I did this process twice, to ensure a good coat, but I doubt that’s really necessary (my egg was huge, so I used it up this way). Lay the arancini on a plate as you work.
Pour about 5mm oil in the bottom of a frying pan, and heat till just under smoking point.
Add about 4-5 arancini to the hot oil, and roll those babies around for about 5-7 minutes. We’re going for golden brown, not blackened. When you get to the colour of builders’ tea, that’s it!
Test one, by cutting it in half. It should be steaming on the inside, nice and hot throughout. If it isn’t, back into the pan it goes! (I re-batttered the cut halves on my tester).
Serve alone, or with a tiny side of veg (I used up the cachumber from yesterday’s curry), and a large portion of homemade tomato ketchup.
There’s a lot of joy to be had in frying food in the depths of glistening, bubbling oil. I’ve heard that organic, extra virgin coconut oil is the height of hedonist happiness, but my mum’s always said that coconut oil is more criminal than beef and I just can’t do it to myself. Suicide by organic oil. Sunflower is my effort to find a ‘healthy’ alternative – at least it’s low in chloresterol – though there’s little that’s healthy about deep fat frying.
But… If we can have everything in moderation, then we can still revel in the pleasure of deep frying. And to respect it as an act of cooking, it should be something worth eating. Not just leaden, breadcrumbed lumps of hybrid meat (some of them are mixed with fish) from a freezer bag, or frozen chips or scampi.
The orangey-yellow of aubergine halfmoons as they sizzle in spicy batter (curry powder, gram flour, water, salt); their warm flavour as they hit your mouth, slightly salted and too hot for your tongue; these joys are at the heart of deep fat frying.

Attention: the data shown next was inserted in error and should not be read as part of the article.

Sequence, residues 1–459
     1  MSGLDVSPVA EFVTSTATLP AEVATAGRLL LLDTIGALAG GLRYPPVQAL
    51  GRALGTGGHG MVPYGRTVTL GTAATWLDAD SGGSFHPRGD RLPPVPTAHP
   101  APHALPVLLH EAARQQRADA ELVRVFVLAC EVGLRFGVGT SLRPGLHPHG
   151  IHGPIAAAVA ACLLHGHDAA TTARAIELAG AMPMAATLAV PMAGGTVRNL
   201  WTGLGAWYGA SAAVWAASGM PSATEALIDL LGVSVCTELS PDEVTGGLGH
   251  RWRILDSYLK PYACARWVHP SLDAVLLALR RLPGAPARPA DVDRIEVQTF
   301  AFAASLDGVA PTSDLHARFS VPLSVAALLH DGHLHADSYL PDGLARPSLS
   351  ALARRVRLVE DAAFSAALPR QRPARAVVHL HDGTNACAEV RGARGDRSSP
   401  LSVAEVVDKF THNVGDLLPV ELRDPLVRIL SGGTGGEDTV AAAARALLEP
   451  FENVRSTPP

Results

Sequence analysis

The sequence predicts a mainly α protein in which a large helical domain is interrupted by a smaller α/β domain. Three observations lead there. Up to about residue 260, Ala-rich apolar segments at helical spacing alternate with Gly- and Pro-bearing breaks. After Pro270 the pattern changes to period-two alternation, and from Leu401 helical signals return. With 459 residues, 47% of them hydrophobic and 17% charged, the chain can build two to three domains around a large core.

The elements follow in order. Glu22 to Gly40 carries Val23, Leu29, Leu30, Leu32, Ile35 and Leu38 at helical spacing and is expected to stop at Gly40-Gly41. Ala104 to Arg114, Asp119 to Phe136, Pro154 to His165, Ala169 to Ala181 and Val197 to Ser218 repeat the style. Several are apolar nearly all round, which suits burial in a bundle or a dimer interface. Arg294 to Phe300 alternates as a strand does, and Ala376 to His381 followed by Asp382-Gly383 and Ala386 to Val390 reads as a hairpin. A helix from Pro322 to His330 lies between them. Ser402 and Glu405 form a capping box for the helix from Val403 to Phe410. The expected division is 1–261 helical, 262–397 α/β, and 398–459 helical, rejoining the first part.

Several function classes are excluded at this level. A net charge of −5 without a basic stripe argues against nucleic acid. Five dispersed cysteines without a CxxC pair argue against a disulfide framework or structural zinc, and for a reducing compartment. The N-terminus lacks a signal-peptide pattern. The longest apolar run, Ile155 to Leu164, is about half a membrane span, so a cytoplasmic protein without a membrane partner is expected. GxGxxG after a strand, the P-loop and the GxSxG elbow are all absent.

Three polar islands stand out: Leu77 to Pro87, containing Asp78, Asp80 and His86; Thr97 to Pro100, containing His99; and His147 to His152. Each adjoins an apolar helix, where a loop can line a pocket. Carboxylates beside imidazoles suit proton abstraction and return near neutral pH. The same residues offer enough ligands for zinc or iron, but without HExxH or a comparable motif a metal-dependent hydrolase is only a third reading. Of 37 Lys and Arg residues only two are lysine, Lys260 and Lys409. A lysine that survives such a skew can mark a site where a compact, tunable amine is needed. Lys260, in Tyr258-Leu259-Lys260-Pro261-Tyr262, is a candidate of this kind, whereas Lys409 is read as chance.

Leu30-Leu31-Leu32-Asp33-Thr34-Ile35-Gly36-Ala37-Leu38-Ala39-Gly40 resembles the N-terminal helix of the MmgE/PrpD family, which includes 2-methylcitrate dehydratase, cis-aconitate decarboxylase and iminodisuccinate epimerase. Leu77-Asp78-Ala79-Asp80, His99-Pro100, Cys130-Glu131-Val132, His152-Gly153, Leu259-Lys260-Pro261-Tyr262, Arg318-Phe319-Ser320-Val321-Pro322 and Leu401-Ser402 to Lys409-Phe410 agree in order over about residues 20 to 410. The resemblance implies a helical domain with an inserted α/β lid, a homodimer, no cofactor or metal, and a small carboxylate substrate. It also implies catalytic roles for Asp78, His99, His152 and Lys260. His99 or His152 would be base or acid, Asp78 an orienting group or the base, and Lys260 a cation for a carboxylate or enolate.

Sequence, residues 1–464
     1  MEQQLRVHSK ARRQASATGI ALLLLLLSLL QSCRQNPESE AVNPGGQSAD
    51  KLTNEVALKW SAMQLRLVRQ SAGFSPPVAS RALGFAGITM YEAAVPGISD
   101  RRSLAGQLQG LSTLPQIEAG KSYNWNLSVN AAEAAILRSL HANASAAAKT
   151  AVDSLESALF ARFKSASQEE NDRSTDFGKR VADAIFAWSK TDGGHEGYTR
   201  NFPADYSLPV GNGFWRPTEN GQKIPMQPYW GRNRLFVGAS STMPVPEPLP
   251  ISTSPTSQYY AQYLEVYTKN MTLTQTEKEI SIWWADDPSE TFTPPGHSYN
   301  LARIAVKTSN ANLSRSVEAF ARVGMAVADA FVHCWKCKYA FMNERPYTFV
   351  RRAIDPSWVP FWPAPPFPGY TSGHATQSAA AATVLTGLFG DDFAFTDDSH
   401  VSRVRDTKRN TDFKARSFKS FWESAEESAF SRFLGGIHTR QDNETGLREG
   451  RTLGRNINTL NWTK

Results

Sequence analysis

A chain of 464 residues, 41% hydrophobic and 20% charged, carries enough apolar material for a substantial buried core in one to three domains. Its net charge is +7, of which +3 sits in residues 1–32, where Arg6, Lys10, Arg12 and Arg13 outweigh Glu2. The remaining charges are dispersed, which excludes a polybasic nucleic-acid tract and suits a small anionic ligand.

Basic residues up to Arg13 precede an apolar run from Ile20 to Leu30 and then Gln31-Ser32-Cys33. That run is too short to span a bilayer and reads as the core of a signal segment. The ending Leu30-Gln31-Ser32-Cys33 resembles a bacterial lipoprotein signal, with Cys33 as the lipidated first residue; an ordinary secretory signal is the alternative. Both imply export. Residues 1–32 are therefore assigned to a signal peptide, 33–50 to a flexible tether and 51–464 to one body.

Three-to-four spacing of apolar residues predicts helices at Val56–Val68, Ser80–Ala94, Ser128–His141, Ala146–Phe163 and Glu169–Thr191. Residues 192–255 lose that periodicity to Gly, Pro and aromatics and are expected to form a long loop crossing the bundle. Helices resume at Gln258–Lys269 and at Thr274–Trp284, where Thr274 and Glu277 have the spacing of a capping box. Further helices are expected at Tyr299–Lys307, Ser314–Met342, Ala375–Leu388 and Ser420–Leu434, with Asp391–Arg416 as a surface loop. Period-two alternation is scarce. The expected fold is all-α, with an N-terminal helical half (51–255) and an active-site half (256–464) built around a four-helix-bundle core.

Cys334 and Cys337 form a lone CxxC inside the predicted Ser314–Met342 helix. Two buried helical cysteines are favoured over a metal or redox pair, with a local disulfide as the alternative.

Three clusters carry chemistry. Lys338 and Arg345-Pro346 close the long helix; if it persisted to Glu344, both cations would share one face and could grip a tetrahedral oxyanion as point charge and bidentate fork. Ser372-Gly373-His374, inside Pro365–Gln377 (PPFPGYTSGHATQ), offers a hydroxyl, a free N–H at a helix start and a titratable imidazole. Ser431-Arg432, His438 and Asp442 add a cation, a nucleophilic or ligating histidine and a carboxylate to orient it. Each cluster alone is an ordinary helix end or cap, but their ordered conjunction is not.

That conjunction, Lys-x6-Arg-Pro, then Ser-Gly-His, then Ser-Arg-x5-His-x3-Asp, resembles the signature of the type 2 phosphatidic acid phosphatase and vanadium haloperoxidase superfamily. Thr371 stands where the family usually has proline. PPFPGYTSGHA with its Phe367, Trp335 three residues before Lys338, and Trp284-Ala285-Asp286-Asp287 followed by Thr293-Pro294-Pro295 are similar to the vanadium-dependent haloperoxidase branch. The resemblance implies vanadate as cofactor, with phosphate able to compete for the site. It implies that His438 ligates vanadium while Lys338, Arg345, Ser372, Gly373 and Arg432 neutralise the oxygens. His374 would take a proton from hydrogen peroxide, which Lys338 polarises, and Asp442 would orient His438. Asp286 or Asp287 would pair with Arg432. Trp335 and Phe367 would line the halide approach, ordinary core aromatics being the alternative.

Onion bhajis are also easy to make and have a strength of flavour and texture that you don’t get in commercial products. They are so pretty, spiky balls of dark terracotta contrasted with the white kitchen roll.
Falafels are pretty close to being healthy. Unlike battered foods, the oil doesn’t penetrate the whole piece and the chickpeas inside are cooked by heat. Freshly made falafels, still sizzling in the air can be greedily consumed with burned fingers and hot spices popping in your mouth. It doesn’t have to be as urgent, but it’s all about appreciation. And they are so full of fibre and protein that it doesn’t take many to fill you.
We’re so lucky in the U.K. Most of us don’t have to worry about whether or not we will eat. The least we can do is eat food worthy of the name and enjoy it.
250g dried chickpeas. Soak for at least 8 hours.
Take 1 tsp coriander seeds, 4 tsps cumin seeds, 2 tsps salt, a large handful of parsley, 1/2 tsp baking powder and 1 small egg and mix with the uncooked, soaked chickpeas in a food processor until it resembles fine gravel.
Clag the gravel together in your fingers to shape an uneven croquet. If it doesn’t stay stuck together, add another egg and process the mix again to combine.
Heat the chosen oil in a large pan until it reaches the temperature that would brown a cube of bread on entry to the bubbling mass. Or guess. There’s nothing wrong with trial and error.
Form a series of croqettes, dropping them into the hot oil one at a time. It’s easier if you fish them out in batches but safer if they go in one at a time.